many things left out. They burn in me; they keep multiplying and
multiplying, but now they can't ever be said; and besides they would
require a library--and a pen warmed up in hell.
In another letter of this time to Sylvester Baxter, apropos of the
tumbling Brazilian throne, he wrote:
When our great brethren, the disenslaved Brazilians, frame their
declaration of independence I hope they will insert this missing
link: "We hold these truths to be self-evident--that all monarchs
are usurpers and descendants of usurpers, for the reason that no
throne was ever set up in this world by the will, freely exercised,
of the only body possessing the legitimate right to set it up--the
numerical mass of the nation."
He was full of it, as he had been all along, and 'A Connecticut Yankee in
King Arthur's Court' is nothing less than a brief for human rights and
human privileges. That is what it is, and it is a pity that it should be
more than that. It is a pity that he should have been beset by his old
demon of the burlesque, and that no one should have had the wisdom or the
strength to bring it under control.
There is nothing more charming in any of Mark Twain's work than his
introductory chapter, nothing more delightful than the armoring of the
Yankee and the outset and the wandering with Alisande. There is nothing
more powerful or inspiring than his splendid panoramic picture--of the
King learning mercy through his own degradation, his daily intercourse
with a band of manacled slaves; nothing more fiercely moving than that
fearful incident of the woman burned to warm those freezing chattels, or
than the great gallows scene, where the priest speaks for the young
mother about to pay the death penalty for having stolen a halfpenny's
worth, that her baby might have bread. Such things as these must save
the book from oblivion; but alas! its greater appeal is marred almost to
ruin by coarse and extravagant burlesque, which destroys illusion and
antagonizes the reader often at the very moment when the tale should fill
him with a holy fire of a righteous wrath against wrong. As an example
of Mark Twain at his literary worst and best the Yankee ranks supreme.
It is unnecessary to quote examples; one cannot pick up the volume and
read ten pages of it, or five pages, without finding them. In the midst
of some exalted passage, some towering sublimity, you are brought
suddenly to earth with a phrase which wholly destroys the illusion and
the diviner purpose. Howells must have observed these things, or was he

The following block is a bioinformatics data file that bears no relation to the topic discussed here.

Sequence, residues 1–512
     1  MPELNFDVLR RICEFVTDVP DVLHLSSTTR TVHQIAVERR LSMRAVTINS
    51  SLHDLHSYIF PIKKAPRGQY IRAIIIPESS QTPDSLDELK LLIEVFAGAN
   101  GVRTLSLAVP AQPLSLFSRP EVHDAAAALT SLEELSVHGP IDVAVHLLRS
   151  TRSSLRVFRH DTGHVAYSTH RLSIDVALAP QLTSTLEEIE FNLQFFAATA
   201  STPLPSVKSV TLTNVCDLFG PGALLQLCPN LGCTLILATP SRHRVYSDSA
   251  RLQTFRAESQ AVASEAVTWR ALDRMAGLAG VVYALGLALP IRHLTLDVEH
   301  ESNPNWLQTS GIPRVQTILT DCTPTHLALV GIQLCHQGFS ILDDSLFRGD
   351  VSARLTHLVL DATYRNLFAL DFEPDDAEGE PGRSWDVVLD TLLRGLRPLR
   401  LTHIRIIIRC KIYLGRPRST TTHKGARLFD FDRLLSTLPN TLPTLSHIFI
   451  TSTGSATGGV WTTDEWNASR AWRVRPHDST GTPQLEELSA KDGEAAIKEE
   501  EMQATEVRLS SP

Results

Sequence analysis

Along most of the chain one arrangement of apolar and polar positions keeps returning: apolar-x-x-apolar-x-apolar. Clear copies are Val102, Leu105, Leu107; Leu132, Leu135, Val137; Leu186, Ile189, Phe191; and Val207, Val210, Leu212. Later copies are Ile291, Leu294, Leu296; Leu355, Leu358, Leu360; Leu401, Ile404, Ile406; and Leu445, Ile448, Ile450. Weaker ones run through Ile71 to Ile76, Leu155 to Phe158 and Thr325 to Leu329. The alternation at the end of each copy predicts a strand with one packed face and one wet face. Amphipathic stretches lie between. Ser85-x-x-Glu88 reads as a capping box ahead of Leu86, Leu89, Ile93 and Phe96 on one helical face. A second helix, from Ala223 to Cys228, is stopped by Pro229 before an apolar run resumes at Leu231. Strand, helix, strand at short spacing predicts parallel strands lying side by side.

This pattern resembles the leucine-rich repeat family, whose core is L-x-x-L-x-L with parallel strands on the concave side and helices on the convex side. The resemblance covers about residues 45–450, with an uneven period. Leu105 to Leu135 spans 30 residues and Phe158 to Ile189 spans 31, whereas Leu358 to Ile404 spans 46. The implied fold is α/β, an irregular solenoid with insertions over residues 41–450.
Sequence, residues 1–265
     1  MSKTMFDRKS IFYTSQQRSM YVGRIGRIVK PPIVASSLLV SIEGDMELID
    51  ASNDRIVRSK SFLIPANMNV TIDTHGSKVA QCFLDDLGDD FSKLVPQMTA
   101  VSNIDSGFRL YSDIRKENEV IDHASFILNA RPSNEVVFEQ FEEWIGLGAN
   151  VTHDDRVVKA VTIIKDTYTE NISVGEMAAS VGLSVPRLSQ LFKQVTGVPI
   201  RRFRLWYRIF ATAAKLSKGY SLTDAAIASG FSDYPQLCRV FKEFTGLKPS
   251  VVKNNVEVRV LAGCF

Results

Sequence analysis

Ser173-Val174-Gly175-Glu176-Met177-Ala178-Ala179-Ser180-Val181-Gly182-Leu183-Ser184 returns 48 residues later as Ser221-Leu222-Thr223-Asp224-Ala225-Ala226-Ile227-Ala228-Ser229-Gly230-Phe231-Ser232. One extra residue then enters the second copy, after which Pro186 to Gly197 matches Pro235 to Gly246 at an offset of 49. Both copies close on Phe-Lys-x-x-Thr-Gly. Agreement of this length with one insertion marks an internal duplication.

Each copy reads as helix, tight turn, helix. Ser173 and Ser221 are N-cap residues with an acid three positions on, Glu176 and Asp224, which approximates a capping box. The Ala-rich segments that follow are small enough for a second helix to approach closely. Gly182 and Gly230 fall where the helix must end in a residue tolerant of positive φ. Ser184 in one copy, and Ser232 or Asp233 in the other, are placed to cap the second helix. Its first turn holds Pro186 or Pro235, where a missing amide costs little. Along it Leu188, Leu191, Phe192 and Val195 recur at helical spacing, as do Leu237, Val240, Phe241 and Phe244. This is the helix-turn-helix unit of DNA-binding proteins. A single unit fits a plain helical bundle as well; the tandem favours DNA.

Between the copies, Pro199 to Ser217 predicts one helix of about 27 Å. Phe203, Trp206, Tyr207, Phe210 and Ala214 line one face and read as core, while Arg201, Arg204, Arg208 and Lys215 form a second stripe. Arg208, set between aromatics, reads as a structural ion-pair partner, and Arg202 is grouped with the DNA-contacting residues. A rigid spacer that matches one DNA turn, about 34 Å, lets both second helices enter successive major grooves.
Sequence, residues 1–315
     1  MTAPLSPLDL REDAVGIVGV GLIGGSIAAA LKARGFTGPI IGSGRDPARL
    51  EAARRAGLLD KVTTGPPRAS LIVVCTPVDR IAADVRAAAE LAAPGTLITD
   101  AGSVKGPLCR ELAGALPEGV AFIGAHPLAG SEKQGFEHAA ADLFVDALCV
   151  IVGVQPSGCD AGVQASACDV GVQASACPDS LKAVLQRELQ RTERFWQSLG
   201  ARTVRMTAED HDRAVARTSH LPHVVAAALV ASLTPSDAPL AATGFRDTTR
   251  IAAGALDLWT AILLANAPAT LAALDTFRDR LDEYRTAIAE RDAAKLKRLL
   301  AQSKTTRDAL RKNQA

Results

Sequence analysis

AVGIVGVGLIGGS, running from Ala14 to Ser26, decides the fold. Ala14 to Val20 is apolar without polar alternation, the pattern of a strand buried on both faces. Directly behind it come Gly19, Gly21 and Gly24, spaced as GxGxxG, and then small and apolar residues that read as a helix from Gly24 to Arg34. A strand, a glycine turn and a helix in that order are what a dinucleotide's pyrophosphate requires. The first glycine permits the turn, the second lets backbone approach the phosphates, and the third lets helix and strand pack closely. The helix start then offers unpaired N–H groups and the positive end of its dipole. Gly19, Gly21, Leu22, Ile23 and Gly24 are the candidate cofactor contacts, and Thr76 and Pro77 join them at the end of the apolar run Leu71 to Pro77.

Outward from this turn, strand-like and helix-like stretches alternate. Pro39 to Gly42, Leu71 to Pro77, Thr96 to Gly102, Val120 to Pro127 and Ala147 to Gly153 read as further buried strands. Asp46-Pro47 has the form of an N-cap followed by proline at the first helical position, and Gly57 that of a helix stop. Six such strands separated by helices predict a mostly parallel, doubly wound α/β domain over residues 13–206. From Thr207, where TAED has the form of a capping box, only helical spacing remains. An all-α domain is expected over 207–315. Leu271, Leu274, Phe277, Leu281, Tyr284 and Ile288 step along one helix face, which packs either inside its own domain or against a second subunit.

so dazzled by the splendor of its intent, its righteous charge upon the
ranks of oppression, that he regarded its offenses against art as
unimportant. This is hard to explain, for the very thing that would
sustain such a great message and make it permanent would be the care, the
restraint, the artistic worthiness of its construction. One must believe
in a story like that to be convinced of its logic. To lose faith in it--
in its narrative--is absolutely fatal to its purpose. The Yankee in King
Arthur's Court not only offended the English nation, but much of it
offended the better taste of Mark Twain's own countrymen, and in time it
must have offended even Mark Twain himself. Reading it, one can
visualize the author as a careering charger, with a bit in his teeth,
trampling the poetry and the tradition of the romantic days, the very
things which he himself in his happier moods cared for most. Howells
likened him to Cervantes, laughing Spain's chivalry away. The comparison
was hardly justified. It was proper enough to laugh chivalry out of
court when it was a reality; but Mark Twain, who loved Sir Thomas Malory
to the end of his days, the beauty and poetry of his chronicles; who had
written 'The Prince and the Pauper', and would one day write that divine
tale of the 'Maid of Orleans'; who was himself no more nor less than a
knight always ready to redress wrong, would seem to have been the last
person to wish to laugh it out of romance.
And yet, when all is said, one may still agree with Howells in ranking
the Yankee among Mark Twain's highest achievements in the way of "a
greatly imagined and symmetrically developed tale." It is of that class,